“Harvey,” that old chestnut of a comedy, is like a big, sloppy, wet smooch on your kisser from a friendly pooch. You’re not sure that you really like it, but you know that it’s affectionate and well-meant.
As performed by the first-rate cast of the Hampton Theatre Company at Quogue Community Hall, it provides a night of goofy charm.
The play, if by some chance you don’t know, is about an imaginary 6-foot-3-inch-tall rabbit named Harvey, whom only a polite and pleasant tippler named Elwood P. Dowd can see and talk to. He likes to introduce people to Harvey, and this causes all sorts of distress for his sister, Veta, and niece, Myrtle Mae, both of whom live with him in Des Moines, Iowa—convinced Elwood’s daffiness is ruining Myrtle Mae’s chance at marriage.
But who’s to be institutionalized—gentle, harmless Elwood, or his addled, hysterical sister—makes up a merry mess that takes up most of the drama. It plays sometimes like classic French bedroom farce, as doors open and close, and people pop out and in with well-timed exits and entrances, albeit here without the sex. But the play, first performed on Broadway in 1944, definitely feels dated, harking back to a much more innocent time. Instead of edge, there’s nostalgia. Instead of wit, there’s a mere nudge in that direction.
Since “Harvey” was made into a very popular 1950 movie starring James Stewart, in a role that fit him like a bespoke suit, and because the play has been fodder for theater groups of all stripes countless times, the antics are well-known to almost everyone of a certain age. Most would not fit the prime-time TV target audience of 18- to 49-year-olds, but that’s not who makes up the bulk of the loyal group of fans of the Hampton Theatre Company.
Every mention of “Harvey” is a reminder that Mary Chase’s play won the Pulitzer Prize for Best Drama in 1945, beating out Tennessee Williams’s “The Glass Menagerie.” What were they thinking? The New York Times theater critic at the time noted that there was a lot of “simmering” over the choice. No wonder. “The Glass Menagerie” is great theater. “Harvey” is mild fun, and seemed an odd choice for such a sophisticated theater company that easily handles new and biting theater, as they did last season with “God of Carnage.”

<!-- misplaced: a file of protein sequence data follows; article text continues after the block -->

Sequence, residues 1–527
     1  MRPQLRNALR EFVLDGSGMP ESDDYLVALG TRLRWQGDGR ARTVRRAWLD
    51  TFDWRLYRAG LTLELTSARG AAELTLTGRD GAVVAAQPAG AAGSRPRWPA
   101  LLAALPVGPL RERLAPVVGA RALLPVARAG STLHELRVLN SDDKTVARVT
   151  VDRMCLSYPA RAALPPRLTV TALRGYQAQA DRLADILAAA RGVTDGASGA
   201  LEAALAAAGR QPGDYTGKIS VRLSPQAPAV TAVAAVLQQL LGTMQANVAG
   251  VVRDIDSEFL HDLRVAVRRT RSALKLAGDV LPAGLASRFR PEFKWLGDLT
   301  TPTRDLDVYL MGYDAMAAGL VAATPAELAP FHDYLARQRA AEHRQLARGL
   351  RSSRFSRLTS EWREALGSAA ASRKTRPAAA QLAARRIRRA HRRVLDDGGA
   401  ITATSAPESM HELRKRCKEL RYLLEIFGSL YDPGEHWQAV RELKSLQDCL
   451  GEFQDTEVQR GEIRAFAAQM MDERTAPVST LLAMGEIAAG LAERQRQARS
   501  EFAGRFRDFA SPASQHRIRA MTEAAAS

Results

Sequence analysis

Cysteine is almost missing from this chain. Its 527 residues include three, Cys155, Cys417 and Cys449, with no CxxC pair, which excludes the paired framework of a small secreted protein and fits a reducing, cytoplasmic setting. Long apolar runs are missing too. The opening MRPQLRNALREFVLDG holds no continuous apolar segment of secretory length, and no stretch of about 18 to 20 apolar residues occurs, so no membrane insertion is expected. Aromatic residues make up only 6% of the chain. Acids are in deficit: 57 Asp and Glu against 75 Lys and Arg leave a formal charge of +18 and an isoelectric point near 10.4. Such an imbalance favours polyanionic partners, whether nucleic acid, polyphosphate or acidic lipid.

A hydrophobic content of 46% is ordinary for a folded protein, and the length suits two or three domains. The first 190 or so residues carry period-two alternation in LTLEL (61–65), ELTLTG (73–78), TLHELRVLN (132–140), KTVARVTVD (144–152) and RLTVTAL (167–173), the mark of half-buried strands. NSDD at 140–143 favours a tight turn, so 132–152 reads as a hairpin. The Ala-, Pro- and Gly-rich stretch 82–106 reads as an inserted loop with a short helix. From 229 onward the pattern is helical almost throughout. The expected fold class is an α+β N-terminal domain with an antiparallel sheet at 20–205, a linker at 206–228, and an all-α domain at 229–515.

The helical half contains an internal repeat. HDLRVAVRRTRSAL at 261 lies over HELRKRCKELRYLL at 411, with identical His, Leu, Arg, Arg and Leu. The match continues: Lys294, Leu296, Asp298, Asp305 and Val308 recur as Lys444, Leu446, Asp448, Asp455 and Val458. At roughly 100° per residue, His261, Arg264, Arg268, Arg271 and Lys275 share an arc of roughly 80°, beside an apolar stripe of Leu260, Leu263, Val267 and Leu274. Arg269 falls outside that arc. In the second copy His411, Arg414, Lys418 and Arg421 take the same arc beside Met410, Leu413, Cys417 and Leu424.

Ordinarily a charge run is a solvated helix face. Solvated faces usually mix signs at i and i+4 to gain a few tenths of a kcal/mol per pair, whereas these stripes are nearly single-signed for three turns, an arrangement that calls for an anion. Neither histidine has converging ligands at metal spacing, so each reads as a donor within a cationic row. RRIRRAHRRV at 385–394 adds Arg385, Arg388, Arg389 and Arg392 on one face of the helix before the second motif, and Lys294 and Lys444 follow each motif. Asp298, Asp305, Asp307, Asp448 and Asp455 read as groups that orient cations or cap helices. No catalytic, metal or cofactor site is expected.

Enough about “Harvey” as written. This current incarnation, under the deft direction of Diana Marbury, frolics through the mayhem effortlessly. Matthew Conlon, whom local theatergoers saw last season in “The Foreigner,” is really as good as Jimmy Stewart in the film, which this critic watched just before writing. Mr. Conlon’s ability to seem bemused, lucid but somewhat dopey, and all the while almost normal—even while escorting around an unseen, giant rabbit that may be a harmless fairy called a pooka—is pitch perfect in the role of Elwood P. Dowd.
Pamela Kern portrays his voluble sister, and while she has the physical humor down-pat, the constant frenetic inflection in her voice makes her sometimes difficult to understand in the hall.
Filling out the cast are Amanda Griemsmann as Myrtle Mae; John Kern as William R. Chumley, M.D., the director of Chumley’s Rest, where half the action takes place; Sebastian Marbury as Lyman Sanderson, M.D., the admitting psychiatrist who confuses the patient with those who are not; and Krista Kurtzberg as the attractive, flirtatious nurse at Chumley’s Rest. Others in the cast include Martha Kelly, Catherine Maloney, Douglas O’Connor, John J. Steele and Russell Weisenbacher.
“Harvey” may indeed be an old chestnut, but this staging by the cast and crew treats it with amiable affection.
Hampton Theatre Company will stage “Harvey” on Thursdays and Fridays at 7 p.m., Saturdays at 8 p.m. and Sundays at 2:30 p.m., through November 9, at Quogue Community Hall. Tickets are $25, $23 for seniors, except Saturdays, and $10 for students under age 21. For more information, call (631) 653-8955 or visit hamptontheatre.org.